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A Tamil tribute to Muthuswami Dikshitar


Natarajasundaram Pillai's compilation had Dikshitar kritis not found in ‘Sangita Sampradaya Pradarsini.'

Books on Muthuswami Dikshitar's life and compilations of his songs are legion today and there are websites dedicated to discussions on his lyrics and their meanings. But 75 years ago that was not the case.

Barring the magnum opus of Subbarama Dikshitar – the Sangita Sampradaya Pradarsini (1904), there were hardly any works that focused on this great composer's songs. Certainly, there were none in Tamil and the credit for bringing out the first such book in that language, the ‘Dikshita Kirtana Prakasikai, ' goes to Tirupamburam Natarajasundaram Pillai.

The musicologist and historian B.M. Sundaram, in his book ‘ Mangala Isai Mannargal,' gives details of Pillai's life. He was born into a family of nagaswaram artists and his father Swaminatha Pillai had also trained on the veena and in vocal music. He had also undergone training in music under Koorainadu ‘Bharatam' Ramaswami Pillai, a direct disciple of Muthuswami Diskhitar.

Born on December 15, 1869, Natarajasundaram Pillai was trained on the nagaswaram along with his younger brother Sivasubramaniam by Injikkudi Kumara Pillai.

The father was keen that his sons ought to learn as many kritis as possible and what was more, learn to perform them on the nagaswaram in such a fashion that the lyrics could be discerned. Tyagaraja kritis were learnt from Umayalpuram Doraiswami Iyer. The boys learnt Muthuswami Dikshitar kritis under Sattanur Panchanada Iyer.

Iyer had trained under Suddha Maddalam Tambiappa Pillai, a direct disciple of Muthuswami Dikshitar and the man for curing whose stomach ailment the kriti ‘Brhaspate' was composed. Panchanada Iyer counted Tirukodikkaval Krishna Iyer and Veena Dhanammal among his disciples.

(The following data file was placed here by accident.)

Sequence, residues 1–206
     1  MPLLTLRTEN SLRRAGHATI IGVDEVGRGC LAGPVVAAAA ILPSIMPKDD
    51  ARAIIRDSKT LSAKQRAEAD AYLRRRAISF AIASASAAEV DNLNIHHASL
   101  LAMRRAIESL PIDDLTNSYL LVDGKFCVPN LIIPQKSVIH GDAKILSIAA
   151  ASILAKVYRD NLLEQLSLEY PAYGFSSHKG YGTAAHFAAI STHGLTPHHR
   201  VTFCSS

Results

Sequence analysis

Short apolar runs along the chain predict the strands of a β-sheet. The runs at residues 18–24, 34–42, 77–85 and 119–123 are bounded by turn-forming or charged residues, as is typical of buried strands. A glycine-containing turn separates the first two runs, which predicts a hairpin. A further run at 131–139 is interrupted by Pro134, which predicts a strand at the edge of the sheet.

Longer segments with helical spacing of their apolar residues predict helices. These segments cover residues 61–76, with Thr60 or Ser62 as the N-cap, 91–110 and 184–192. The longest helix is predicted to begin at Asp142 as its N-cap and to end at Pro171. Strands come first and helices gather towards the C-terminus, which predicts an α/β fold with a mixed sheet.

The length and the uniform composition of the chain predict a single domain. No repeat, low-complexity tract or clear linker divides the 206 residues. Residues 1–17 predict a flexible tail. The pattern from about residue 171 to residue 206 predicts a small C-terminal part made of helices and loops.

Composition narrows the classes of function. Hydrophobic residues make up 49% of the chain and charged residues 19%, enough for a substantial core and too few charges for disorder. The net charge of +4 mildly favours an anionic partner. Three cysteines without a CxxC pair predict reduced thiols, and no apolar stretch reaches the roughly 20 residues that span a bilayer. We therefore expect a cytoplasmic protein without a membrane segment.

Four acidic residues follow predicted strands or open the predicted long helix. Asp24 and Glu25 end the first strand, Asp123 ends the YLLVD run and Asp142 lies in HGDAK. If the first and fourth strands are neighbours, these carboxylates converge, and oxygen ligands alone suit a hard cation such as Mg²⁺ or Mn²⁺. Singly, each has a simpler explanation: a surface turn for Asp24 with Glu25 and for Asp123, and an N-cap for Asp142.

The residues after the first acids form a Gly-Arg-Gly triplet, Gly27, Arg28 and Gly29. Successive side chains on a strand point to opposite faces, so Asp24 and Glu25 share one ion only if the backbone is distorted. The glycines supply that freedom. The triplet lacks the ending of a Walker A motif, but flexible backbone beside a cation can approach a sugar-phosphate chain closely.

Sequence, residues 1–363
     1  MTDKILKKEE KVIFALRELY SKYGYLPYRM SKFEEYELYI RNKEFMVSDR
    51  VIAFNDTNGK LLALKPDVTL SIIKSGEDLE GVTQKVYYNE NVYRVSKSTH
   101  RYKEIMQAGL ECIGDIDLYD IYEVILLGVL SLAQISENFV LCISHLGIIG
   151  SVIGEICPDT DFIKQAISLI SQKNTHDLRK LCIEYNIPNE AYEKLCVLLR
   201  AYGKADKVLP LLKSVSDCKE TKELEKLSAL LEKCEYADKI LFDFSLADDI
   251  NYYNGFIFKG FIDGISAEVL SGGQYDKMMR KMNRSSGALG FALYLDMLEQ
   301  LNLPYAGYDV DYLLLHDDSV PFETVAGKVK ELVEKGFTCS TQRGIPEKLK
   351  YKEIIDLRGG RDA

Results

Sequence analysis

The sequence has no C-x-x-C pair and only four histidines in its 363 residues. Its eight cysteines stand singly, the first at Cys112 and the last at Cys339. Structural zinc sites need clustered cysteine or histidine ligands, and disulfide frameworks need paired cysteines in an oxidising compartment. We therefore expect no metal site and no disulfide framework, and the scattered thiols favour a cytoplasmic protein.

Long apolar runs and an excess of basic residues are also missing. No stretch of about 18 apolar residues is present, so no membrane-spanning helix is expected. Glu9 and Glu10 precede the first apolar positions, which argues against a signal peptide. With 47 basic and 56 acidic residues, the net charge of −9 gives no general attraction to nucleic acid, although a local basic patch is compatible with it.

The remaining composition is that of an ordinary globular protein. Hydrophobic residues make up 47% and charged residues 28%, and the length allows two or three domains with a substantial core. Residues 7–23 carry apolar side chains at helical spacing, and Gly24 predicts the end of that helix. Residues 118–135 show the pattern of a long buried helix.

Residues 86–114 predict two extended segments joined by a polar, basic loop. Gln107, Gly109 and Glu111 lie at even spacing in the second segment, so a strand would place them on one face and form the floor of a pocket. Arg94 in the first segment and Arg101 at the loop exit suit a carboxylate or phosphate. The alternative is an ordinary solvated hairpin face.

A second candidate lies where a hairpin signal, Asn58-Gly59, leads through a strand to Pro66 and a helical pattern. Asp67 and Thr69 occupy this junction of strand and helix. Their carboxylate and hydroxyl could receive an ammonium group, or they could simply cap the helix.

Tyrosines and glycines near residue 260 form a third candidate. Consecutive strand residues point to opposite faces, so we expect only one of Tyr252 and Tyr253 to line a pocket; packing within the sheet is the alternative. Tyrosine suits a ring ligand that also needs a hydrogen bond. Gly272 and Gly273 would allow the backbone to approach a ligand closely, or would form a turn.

According to Soolamangalam Vaidyanatha Bhagavatar, the Harikatha doyen, Panchanada Iyer had a “powerful voice and unerring svara jnana” and “rendered the classics of Dikshitar with correct and impressive articulation.”

Lasting impression

Learning the songs under him left a lasting impression on Natarajasundaram Pillai, who even during the tutelage, began writing down the songs with swara and notation.

By the time the training period was over, he had 200 songs of Muthuswami Dikshitar in his possession, all of them with notation checked and approved by Panchanada Iyer.

Natarajasundaram Pillai teamed up with his younger brother and together they became the first ever nagaswaram duo.

They received invitations to perform from far and wide and scaled great peaks in music. But all the while a thought kept nagging him and that was the fact that the kritis of Muthuswami Dikshitar were not getting their rightful due.

He felt that this was because there was no compilation of Dikshitar kritis in the Tamil script and embarked on setting right the situation.

A busy career meant that this kept getting put off. The year 1935 marked Muthuswami Dikshitar's death centenary and at the repeated urging of T.L. Venkatarama Iyer, who was then a lawyer practising in Madras and doing his best to popularise Dikshitar kritis, the book finally began taking shape. Legend has it that before beginning the work, Natarajasundaram Pillai met Veena Dhanammal and the two sang a few Dikshitar kritis as taught by Panchanada Iyer. They found to their delight that neither of them had forgotten or altered a single sangati in the years since their tutelage.

Dr. V. Raghavan came forward to help Pillai in the book and as the latter gratefully recorded in the preface, he worked day and night on it. He was also helped by his youngest son Sivasubramania Pillai.

Pillai planned to bring out four volumes, each comprising 50 kritis of Dikshitar. The first volume, released on February 14, 1936, was printed at the Devi Press, Mount Road.

It begins with two exquisite slokas by Dr. Raghavan on Dikshitar, followed by one composed by Sengalipuram Anantharama Dikshitar.

Unique technique

Perhaps inspired by Subbarama Dikshitar, Natarajasundaram Pillai decided to create certain unique notation techniques for the book.

While following gamaka symbols as used by the former, he also took pains to indicate the anuswaras (allied notes) along with the main note at several places. More important, and unlike Subbarama Dikshitar, he also indicated speeds for singing by using special symbols for the four tempos ranging from extremely slow to very fast. 49 of the 50 songs are common to the Sangita Sampradaya Pradarsini.

The sole exception is ‘Maha Ganapatim' in Thodi. Its inclusion is significant for it indicates that there were genuine Muthuswami Dikshitar kritis that were unknown to Subbarama Dikshitar. It also proves that it is wrong to contend that all Dikshitar kritis outside of the ‘Pradarsini' are spurious.

Sadly, Natarajasundaram Pillai died on November 16, 1938, before work could begin on the remaining volumes and they never saw the light of day.

The notations must now be presumed lost and it is tantalising to think of what other Muthuswami Dikshitar kritis were in Pillai's possession.

(The author can be contacted at

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